So, I am, at best, ambivalent about most of the conventional solutions proposed to fix India’s myriad problems. And then, I have some positions on some issues. Probably, each of these deserves a separate blog post. Nevertheless, I have tried to capture some of my ideas on some key issues facing India today.

1) Poverty/Development Models – Here, I veer more to the left than right. I feel that a free-for-all capitalism is definitely not the solution as is evident from what has happened over the last 2 decades in India (loot of natural resources being just one of the panaceas of liberalization) and the trajectory the US – that demigod of capitalism – has followed over past 90 years or so (Essentially, after the Great Depression of 1920s). But then I don’t want India to hark back to Nehruvian Socialism and License Raj era either. I seriously feel that the state has no business to produce railway carriages or steel or supplying electricity to people’s homes. Similarly, I have nothing but contempt for those intellectuals whose ideas involve revolution of proletariat and other such theories which in plain speak is nothing but equal distribution of poverty (as against the proclaimed "equal distribution of wealth"). So, what’s the solution? A capitalist model with a strict regulatory framework and constitutionally independent watchdogs, an independent judiciary and a fearless, unbiased media – something on the lines of certain West European nations. But then with corruption being as endemic as it is today in Indian life and innumerable examples of how vested lobbies have screwed up the US economy in spite of plethora of checks and balances, something tells me that nothing is sacrosanct, at least in Indian context – judiciary, media, executive, legislature. Nothing. So, what’s the answer? I don’t know.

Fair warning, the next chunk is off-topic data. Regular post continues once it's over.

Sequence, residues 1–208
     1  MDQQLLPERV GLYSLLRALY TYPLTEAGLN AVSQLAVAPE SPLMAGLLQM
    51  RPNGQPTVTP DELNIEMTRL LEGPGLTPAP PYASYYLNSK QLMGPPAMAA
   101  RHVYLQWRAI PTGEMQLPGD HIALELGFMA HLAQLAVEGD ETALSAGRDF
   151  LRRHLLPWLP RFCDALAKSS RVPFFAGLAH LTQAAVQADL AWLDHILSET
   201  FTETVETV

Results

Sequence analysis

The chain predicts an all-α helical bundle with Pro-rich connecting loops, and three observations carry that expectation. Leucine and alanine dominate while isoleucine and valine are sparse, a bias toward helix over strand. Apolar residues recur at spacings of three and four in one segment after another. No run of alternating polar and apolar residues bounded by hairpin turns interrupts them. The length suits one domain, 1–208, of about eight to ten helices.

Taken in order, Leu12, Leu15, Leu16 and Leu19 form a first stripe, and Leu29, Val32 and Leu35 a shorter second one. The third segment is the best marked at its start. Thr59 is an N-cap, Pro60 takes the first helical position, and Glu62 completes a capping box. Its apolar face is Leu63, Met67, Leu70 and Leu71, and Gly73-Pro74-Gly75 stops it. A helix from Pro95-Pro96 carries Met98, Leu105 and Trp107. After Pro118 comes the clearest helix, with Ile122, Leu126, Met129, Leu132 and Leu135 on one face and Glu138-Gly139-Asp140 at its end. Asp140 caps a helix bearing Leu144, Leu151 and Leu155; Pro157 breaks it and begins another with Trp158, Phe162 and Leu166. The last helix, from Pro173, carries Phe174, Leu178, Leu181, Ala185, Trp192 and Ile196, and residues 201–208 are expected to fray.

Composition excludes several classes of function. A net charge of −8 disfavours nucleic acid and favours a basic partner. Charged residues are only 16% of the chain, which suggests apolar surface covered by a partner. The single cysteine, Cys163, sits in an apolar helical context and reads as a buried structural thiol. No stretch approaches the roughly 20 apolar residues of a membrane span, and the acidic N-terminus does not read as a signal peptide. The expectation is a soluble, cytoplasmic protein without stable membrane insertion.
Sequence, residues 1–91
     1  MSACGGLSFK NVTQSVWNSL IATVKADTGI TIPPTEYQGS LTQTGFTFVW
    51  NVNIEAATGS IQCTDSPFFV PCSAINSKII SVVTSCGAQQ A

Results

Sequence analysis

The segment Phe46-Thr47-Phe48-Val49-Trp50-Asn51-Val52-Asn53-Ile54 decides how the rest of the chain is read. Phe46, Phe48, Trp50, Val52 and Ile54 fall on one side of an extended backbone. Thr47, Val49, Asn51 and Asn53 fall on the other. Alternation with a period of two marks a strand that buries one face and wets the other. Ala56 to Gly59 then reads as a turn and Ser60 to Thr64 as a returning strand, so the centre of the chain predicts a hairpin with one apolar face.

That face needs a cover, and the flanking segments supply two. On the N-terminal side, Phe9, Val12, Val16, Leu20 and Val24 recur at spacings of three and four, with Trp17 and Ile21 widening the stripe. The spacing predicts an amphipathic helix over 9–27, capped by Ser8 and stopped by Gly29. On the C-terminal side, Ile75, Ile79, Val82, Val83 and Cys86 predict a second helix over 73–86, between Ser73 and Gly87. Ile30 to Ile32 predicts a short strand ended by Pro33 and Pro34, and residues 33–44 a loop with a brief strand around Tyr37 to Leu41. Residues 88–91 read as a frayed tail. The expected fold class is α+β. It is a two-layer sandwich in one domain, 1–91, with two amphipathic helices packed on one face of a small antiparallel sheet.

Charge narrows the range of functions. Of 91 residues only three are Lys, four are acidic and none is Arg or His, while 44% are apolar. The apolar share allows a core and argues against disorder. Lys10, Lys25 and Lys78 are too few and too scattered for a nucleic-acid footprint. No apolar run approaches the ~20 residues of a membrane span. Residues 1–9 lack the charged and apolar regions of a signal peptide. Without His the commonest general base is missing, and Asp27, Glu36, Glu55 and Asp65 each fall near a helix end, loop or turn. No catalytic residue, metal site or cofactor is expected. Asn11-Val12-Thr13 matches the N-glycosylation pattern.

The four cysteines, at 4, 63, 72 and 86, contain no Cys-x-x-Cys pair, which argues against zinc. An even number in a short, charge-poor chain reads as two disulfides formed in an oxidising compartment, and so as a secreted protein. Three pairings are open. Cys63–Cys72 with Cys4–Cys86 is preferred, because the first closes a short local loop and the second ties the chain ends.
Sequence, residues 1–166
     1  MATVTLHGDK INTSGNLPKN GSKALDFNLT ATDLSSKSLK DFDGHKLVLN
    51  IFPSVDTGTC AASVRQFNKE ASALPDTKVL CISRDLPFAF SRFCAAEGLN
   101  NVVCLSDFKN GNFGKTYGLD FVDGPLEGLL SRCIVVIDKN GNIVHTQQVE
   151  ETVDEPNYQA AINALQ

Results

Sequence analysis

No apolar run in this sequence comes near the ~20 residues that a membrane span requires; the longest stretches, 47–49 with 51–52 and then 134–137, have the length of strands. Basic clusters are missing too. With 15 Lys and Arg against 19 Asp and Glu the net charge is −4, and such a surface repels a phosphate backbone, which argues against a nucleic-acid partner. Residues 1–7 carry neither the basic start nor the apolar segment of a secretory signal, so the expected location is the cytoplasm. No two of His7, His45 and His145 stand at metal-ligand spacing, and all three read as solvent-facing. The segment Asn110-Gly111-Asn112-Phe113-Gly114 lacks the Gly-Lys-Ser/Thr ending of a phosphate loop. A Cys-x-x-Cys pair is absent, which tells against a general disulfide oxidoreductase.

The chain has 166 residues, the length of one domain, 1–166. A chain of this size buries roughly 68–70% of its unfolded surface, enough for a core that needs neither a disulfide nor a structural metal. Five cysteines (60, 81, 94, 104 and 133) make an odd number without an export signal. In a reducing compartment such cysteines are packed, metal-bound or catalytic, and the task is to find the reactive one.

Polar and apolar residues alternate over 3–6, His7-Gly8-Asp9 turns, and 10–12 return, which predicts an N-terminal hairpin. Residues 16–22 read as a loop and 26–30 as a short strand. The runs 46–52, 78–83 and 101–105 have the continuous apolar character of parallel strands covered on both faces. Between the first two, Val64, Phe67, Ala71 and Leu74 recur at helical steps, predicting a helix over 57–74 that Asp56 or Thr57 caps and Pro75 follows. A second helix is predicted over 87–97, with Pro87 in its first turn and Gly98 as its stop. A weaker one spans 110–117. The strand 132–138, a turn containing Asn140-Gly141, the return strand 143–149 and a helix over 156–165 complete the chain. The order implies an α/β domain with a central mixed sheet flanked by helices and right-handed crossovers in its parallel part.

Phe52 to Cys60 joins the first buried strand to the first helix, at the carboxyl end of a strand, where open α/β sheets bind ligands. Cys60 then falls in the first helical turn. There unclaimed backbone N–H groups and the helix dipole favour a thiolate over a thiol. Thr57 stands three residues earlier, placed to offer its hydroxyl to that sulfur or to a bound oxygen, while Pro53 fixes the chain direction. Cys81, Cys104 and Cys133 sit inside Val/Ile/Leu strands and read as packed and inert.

Sometimes, I feel that the Mahatma’s model of decentralized village republics may have been better than Messers Nehru and Mahalonobis’ centralized planning system. But again, I am not so sure. Such a model may have kept large swathes of India in the 19th century (otherwise in harmony with nature and going to bed with full stomachs) while the rest of the world was building nuclear missiles and launching space vehicles. It may have led to more internal contradictions than what we have now.

2) Corruption/Electoral Reforms – I am again ambivalent about ending corruption using institutions like Lokpal for the various reasons cited by the critics. The most important of them being who will guard the guards etc. Moreover, as it may be evident from my writings elsewhere, I feel that there is something seriously rotten with Indian psyche and mentality. People talk about electoral reforms but where do we start from in the present scheme of things? Clean politics, which is also free from caste & religion based parochialism, is not possible without isolating the criminal elements/illegitimate sources of funding. In the present state, reforming the electoral system has to be done by the very beneficiaries of these flawed system. Isn’t it a Catch-22 situation?